The Rise of the Celebrity Do-Gooder

Does being in the public eye make a person automatically a role model and therefore expected to do good things?

Some would argue yes, while I’m here to say no.

There are many forms of celebrity, and as the old saying goes, ‘some are born great, some achieve great, and some have greatness thrust apon them’.

I argue that although a person is living their life in the public eye, they should not be expected to be the next Mother Thereasa. Because when celebrities do good in many ways it is harmful to those they do help.

In no way am I saying that all celebrities who are charitable are not helping communities out, many do. What I am saying is that the ways they can help are not always the most helpful, and other ways would be more beneficial.

The best example I can give of this would be Oprah Winfrey’s school for girls in South Africa. Although Oprah had very good intentions for what the school was meant to do, after it was built with a massive grand opening, Oprah went back to America and let the school run as it was. From the school came many reports of abuse from staff towards students and amongst the students themselves. The most harrowing case was a deceased baby was found in a backpack and one of the students was taken to a hospital near by to be treated for excessive bleeding.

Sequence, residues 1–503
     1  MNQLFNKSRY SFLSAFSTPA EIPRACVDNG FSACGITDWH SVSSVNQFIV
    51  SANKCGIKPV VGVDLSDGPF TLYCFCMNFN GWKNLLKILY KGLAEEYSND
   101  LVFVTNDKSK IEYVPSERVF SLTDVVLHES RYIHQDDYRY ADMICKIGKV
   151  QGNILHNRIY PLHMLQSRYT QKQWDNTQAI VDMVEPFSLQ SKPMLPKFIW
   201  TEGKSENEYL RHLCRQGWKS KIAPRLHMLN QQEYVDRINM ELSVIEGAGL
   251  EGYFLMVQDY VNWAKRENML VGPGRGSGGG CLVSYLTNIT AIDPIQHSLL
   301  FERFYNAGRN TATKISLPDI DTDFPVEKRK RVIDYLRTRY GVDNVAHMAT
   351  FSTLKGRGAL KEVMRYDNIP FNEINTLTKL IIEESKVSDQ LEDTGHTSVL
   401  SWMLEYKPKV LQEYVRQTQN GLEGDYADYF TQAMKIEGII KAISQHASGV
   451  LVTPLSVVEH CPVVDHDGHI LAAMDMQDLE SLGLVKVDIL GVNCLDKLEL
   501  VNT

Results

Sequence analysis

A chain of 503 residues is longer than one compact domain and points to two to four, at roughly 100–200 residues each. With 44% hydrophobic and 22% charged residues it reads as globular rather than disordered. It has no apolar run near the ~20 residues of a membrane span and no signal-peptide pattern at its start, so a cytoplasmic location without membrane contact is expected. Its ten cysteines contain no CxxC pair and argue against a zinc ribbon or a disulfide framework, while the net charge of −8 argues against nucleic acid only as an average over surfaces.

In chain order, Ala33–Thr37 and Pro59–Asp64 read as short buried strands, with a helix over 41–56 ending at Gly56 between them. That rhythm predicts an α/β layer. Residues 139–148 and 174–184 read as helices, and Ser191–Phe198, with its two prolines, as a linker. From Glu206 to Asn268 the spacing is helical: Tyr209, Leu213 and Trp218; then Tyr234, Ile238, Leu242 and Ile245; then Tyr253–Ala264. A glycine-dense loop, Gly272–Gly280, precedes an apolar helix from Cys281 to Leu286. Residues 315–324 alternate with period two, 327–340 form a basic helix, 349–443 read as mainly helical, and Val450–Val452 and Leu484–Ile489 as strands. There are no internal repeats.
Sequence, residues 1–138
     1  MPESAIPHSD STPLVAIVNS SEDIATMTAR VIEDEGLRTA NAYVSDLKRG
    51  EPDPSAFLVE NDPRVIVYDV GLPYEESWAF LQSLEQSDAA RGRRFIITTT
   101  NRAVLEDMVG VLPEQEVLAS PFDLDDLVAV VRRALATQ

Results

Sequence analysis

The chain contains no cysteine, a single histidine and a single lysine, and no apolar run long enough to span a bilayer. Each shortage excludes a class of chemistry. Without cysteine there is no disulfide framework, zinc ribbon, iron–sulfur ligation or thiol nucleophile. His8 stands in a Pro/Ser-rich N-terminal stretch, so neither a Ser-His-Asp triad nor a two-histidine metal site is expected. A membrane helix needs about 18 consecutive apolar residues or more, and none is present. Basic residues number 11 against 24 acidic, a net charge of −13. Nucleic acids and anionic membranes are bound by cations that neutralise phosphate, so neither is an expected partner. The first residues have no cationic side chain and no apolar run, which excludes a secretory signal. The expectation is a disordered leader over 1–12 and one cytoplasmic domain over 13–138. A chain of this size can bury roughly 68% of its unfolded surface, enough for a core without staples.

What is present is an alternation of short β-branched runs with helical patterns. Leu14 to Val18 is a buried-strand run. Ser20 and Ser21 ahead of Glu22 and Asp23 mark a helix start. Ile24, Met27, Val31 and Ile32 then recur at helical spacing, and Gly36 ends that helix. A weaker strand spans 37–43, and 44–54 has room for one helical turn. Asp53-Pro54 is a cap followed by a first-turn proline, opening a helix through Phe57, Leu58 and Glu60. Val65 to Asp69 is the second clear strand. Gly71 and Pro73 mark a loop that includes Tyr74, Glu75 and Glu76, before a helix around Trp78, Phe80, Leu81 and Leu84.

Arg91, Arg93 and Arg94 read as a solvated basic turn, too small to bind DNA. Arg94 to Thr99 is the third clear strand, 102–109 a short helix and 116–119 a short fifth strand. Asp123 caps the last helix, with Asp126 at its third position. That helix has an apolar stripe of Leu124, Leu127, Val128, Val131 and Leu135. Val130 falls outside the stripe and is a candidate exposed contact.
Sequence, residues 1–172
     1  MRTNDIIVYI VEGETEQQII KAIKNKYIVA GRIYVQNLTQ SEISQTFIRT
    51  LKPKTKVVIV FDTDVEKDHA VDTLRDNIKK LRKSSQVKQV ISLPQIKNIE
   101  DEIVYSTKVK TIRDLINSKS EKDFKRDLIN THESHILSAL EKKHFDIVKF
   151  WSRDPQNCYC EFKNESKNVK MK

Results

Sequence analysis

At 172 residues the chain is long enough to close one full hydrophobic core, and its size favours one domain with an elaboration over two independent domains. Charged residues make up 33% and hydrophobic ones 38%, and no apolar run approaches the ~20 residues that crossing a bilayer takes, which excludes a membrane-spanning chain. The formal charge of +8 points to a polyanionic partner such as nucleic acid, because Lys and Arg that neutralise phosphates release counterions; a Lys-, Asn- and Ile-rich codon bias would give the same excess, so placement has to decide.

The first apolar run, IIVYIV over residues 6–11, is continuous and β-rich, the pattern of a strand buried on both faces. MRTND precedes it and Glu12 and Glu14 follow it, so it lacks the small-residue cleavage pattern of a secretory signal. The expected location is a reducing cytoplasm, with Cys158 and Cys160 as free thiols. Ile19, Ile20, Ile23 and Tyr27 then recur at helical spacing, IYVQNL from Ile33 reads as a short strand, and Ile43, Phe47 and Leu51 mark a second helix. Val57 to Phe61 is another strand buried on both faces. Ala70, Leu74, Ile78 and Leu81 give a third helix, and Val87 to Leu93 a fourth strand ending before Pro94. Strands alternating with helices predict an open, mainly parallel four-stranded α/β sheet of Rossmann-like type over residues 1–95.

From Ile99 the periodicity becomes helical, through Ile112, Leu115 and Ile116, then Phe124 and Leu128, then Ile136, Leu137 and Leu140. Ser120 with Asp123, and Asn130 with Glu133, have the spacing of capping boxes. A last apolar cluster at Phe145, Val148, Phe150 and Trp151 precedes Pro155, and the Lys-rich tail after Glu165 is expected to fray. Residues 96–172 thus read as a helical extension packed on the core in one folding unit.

Did no one realise this girl was pregnant? Or that she had given birth to a baby that was either still born or later died? Where was the staff that Oprah believed to be suitable for the school in this instance?

Though this example may be extreme, perhaps Oprah could have donated the money in some other way? The students at the all girls school were only allowed to have their parents visit once a month and kept away from the outside world as much as possible  as to not distract from school spirit. 

Although this may seem like a critical attack on Oprah and her efforts, it is not. What this is about, is the charity being done, which has lead to less than the desired outcome. A highly publicised school was always going to come under media scrutiny, it was just lucky for the girls involved that Oprah was the person in charge, who did do all that she could to fix the situation to the best that she possibly could have. 

Celebrities may have the money, influence and connections to do large charitable things, but whether they should do this in such public ways is something for them to consider. Perhaps, an anonymous donation instead? 


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